Monthly Archives: January 2013

Wonder Women of All Kinds, and a Wonder Man, too…

The documentary Wonder Women! The Untold Story of the American Superheroine is a smashing look at how the story of superheroines has helped form, and continues to form our culture, and EAP’s Mike Madrid, author of “The Supergirls: Fashion, Feminism, Fantasy, and the History of Comic Book Heroines,” is one of the great interview subjects, along with Lynda Carter, Gloria Steinem, and Kathleen Hanna–so I think that makes him an honorary fabulous chick.

Anyway, I loved the doc so much, that when I heard my pal, the legendary independent film producer Margaret Matheson was coming to Boulder, I nudged the International Film Series director here, Pablo Kjolseth, into slotting Wonder Women! into their new Tuesday night documentary series, this Tuesday, Feb. 5, at 7 pm, in Muenzinger Auditorium, on the University of Colorado campus, in Boulder.

Then, since all of Margaret’s many choices of films over an incredibly productive ongoing career are made based on the story told, and since all of EAP’s point is that stories form culture, and how has that happened, and how can that make our world a better place, anyway? And since both Margaret and I are always interested in what’s going on in other people’s heads, Pablo is letting us use the screening as a way to find out.

So Margaret and I will introduce the documentary, and lead a conversation afterward about just that. How stories interact with culture, and what that means for us, and what that means for how we can go on.

And as a matter of fact, I happen to have inside knowledge that a lot of Wonder Women are coming to the screening, creatives and strong wills of all kinds, and so I’m wondering what will happen next…

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Why We Don’t Have a ‘Submissions Policy’

I get a lot of emails that start something like this, “I’ve looked all over your website, but I can’t find your submission guidelines.” And I usually email back something like, “Well, that’s because we don’t have any. We don’t have guidelines, and we tend not to call them ‘submissions’, since we think of them more along the lines as contributions. So why don’t you just send me something you like that you’ve written, and I can tell you if we’re the right place for you or not.”

(We can do that right now, being so small. Who knows how long that will last? There is, after all, only so much time in a day, and everyone everywhere has their own limits. So I also ask that possible contributors to the magazine be patient when I reach mine.)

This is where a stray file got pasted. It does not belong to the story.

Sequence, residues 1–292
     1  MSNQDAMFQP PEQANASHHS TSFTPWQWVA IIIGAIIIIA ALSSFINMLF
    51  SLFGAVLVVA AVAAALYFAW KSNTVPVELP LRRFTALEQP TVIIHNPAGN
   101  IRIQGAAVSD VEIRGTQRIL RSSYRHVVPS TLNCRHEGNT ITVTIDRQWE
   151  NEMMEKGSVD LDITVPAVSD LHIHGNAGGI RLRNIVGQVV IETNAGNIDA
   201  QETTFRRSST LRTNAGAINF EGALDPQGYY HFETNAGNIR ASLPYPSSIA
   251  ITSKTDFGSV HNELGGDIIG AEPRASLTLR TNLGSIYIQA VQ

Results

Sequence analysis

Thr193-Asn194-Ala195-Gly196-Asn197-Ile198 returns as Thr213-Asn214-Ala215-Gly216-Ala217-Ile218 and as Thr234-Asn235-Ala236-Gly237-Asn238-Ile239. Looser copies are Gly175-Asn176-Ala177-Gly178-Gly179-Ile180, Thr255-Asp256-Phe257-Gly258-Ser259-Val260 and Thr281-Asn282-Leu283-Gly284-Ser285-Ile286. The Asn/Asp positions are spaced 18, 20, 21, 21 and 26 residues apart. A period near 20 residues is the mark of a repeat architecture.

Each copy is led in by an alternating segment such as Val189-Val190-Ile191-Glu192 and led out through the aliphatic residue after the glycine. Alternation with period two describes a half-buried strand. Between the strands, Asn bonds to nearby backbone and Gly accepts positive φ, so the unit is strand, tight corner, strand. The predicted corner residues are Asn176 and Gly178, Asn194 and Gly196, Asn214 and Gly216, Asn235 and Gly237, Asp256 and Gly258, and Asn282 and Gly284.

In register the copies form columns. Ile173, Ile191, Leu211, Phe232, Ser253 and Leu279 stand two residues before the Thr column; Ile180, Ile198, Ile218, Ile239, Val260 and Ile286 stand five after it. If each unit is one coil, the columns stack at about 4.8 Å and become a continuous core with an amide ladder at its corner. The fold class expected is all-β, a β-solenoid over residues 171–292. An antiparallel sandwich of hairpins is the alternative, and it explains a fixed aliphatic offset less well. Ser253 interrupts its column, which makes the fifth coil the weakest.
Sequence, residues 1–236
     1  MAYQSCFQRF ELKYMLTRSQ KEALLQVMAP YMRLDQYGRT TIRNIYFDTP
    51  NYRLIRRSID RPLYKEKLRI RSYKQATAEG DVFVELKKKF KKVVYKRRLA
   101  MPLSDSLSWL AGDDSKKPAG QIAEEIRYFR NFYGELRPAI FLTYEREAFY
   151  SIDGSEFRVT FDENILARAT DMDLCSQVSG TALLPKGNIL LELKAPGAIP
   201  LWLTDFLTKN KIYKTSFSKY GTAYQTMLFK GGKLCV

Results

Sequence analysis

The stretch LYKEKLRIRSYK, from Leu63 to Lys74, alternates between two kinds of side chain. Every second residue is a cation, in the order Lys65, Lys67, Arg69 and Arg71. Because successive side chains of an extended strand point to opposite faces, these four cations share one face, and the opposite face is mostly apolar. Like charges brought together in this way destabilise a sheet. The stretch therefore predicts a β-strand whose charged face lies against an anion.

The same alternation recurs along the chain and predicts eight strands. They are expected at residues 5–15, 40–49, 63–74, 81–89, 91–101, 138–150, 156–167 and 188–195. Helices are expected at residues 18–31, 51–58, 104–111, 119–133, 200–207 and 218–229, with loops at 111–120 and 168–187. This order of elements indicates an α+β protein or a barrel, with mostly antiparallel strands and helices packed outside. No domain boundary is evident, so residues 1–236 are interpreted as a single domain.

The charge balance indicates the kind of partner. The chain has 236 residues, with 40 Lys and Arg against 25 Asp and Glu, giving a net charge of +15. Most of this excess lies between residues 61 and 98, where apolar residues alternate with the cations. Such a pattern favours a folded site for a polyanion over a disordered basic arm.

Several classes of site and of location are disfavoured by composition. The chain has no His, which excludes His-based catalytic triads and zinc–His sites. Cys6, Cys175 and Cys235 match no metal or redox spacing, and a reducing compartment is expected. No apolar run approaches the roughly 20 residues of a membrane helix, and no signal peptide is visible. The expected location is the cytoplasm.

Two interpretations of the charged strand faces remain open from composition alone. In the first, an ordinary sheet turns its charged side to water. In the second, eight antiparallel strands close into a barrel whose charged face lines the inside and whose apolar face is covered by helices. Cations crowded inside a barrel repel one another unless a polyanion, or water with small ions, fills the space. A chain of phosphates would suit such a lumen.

Now this is only for  “EAP: The Magazine”–EAP books are something else again. For one thing, our publishing program is full up for the next couple of years–yes, indeed, that’s how long it takes to get books out there into the world. But also, we need to get to know our writers before we settle down to work seriously with them, and that takes real time and commitment.  We’re a small outfit, and we’re in this for the joy of it, which is a damn good thing, because it doesn’t pay in much else. We don’t look at work that comes in and say, “Eureka! A genius! Rush it to press!” That doesn’t work for us, for a few really good reasons. The main one is that what we love and cherish are hard workers who are also hard headed and realistic about what has to be done to get work–any kind of work–heard. Those people are rare. And that kind of realism develops with a relationship.

Of course, as in any area of life, you can only develop real relationships with a very few people. And each one of those takes its own kind of nurturing. And time. Lots of time.

What we’re not interested in is ‘discovering’ the next genius. We don’t think that genius thing has been too terribly fruitful for the culture at large. Not to mention for the discovered geniuses themselves. Just look at the record. Also, anyone who thinks they are a genius tends to be an incredible pain in the ass to work with. Fact.

So we don’t have submissions guidelines. We’re perfectly happy to receive any kind of courteous, direct, short and to the point communication about anyone’s work, as long as it seeks to find people of like mind, and not people who will help get it rich and famous. Anyone who thinks they’re going to get rich and famous with their books needs to immediately stop wasting their time on this website and click on somewhere else. I’d suggest Time Warner. Or similar. Though I think even Time Warner may have realized they’re not going to get rich with books either.

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